For its Class of 2021, Harvard accepted a mere 5.2 percent of applicants, who numbered nearly 40,000. Harvard, along with Penn and Columbia, sends the most graduates into the field of asset management. So it was with delight that I read “Sorry, Harvard and Yale: The Trading Whiz Kids are at Baruch College,” an article in the Wall Street Journal. Baruch, part of the City University of New York, is known for grooming business students who may not have the means or connections to go elite. According to the Journal, “Members of the Baruch Traders Club, which has about 50 students, attribute their success to practicing simulated trading ahead of competitions—combined with a steady stream of classes in subjects like multivariable calculus, options pricing, corporate finance and linear algebra.”
The yield at Harvard this spring was a record-high 84 percent, up from 2016. (In other words, 84 percent of those admitted to Harvard accepted.) But Baruch is still a winner.
By the way, the article mentions that there are student investors who manage real money, notably at Lafayette College and the University of Delaware.
This was a week of news relating to College Board tests:
APs. Over the past two weeks, Hudson AP students spent many hours on the fourth floor exercising their minds. Now they get to wait until July 5 to sign in to their College Board account and get their scores. If you’re wondering about whether APs “count” for college, there’s no universal answer. Some colleges may allow students to place out of courses; others offer credits (which could help propel them to an earlier graduation, saving time and money). Yet other colleges want things taught and done their way. The bottom line for admissions: rigor counts, whether it’s an AP or honors course. When colleges look at your student’s transcript, they know the courses that are available at Hudson.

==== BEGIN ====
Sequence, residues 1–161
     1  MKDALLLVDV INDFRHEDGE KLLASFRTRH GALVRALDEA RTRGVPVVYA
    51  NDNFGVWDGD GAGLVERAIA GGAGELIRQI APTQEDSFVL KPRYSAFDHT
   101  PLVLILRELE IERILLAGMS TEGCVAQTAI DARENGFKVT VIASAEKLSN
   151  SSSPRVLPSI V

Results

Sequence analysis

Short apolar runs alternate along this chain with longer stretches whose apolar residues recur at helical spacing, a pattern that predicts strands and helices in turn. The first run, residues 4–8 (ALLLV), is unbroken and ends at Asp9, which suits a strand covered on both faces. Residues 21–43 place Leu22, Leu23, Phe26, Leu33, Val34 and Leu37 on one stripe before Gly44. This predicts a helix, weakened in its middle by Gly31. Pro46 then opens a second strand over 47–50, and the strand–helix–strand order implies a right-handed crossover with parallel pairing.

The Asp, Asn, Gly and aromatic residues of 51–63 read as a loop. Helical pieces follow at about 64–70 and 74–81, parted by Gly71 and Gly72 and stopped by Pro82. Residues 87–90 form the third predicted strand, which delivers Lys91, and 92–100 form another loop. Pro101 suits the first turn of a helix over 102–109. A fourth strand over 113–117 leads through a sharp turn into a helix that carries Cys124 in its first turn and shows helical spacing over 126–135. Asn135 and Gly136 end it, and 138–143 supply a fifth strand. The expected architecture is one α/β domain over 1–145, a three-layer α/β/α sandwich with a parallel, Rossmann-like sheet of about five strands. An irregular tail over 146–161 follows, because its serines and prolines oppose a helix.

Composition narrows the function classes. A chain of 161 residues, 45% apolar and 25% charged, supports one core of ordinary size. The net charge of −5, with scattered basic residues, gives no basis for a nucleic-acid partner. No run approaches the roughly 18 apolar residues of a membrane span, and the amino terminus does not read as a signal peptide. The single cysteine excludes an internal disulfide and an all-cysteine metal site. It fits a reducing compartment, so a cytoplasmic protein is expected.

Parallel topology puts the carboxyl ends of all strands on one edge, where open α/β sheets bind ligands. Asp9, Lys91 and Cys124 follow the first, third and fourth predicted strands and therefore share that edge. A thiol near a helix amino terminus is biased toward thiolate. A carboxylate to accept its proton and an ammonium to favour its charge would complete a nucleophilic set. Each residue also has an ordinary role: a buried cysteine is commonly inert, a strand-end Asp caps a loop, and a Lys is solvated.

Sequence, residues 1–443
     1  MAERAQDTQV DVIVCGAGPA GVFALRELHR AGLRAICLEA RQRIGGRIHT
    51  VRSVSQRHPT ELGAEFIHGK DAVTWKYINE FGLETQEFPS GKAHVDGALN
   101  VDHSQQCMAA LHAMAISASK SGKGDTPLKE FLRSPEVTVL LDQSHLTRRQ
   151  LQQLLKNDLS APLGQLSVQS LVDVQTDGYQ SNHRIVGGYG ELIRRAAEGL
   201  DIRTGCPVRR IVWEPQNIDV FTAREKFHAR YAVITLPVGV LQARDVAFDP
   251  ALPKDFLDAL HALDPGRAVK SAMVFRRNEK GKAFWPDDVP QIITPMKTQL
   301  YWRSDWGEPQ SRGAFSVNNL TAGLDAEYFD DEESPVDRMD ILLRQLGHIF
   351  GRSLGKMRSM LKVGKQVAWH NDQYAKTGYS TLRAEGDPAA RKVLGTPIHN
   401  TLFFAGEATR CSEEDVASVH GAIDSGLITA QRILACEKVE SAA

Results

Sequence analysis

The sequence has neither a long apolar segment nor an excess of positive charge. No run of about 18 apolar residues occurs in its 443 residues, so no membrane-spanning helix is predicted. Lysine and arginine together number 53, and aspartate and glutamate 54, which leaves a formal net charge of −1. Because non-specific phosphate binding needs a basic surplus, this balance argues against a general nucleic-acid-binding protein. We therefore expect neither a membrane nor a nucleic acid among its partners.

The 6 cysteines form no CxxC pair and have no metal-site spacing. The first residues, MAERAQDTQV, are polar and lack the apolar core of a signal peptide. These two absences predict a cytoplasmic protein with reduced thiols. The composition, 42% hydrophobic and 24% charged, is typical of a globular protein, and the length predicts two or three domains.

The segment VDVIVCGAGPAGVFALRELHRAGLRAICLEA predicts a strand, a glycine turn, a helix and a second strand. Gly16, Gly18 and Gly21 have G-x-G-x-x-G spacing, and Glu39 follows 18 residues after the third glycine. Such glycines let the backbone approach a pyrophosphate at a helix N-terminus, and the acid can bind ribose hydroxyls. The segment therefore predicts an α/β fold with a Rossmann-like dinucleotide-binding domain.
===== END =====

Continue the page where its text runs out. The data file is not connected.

SATs. I am increasingly recommending the new August 26, 2017, SAT. It allows students to take the test unburdened by high school obligations. For those who are not retaking the SAT and want to try SAT Subject Tests, the August date might also be helpful. A list of SAT Subject Tests appears here along with a schedule.
This week, College Board and Khan Academy announced that their free prep accounted for a 115-point jump on scores if the student devoted at least 20 hours to the program.
What mistakes do families make regarding filing for financial aid? In How to Do the FAFSA Right, the Journal pointed out that the biggest mistake was failure to even file, followed by not filing quickly enough. As expert Mike Brown from Nitro College explains, “Money is often given out on a first-come, first-served basis. So fill out the form as early as possible—it is now available on Oct. 1 instead of January—and repeat the process every year your student is in college.”
For those of you who will be dealing with FAFSA, Brown points out, “Contrary to popular misconception, FAFSA isn’t an entity that gives out student aid. The form itself is used to establish how much your family can afford to pay for your student to go to college. Once you submit the form, colleges will send you a letter detailing aid packages, which can include money from the school itself or from the government.”
Check out the Nitro College site for tips and scholarships!
Happy Mother’s Day! Thank you, moms, for your emails, calls and insights.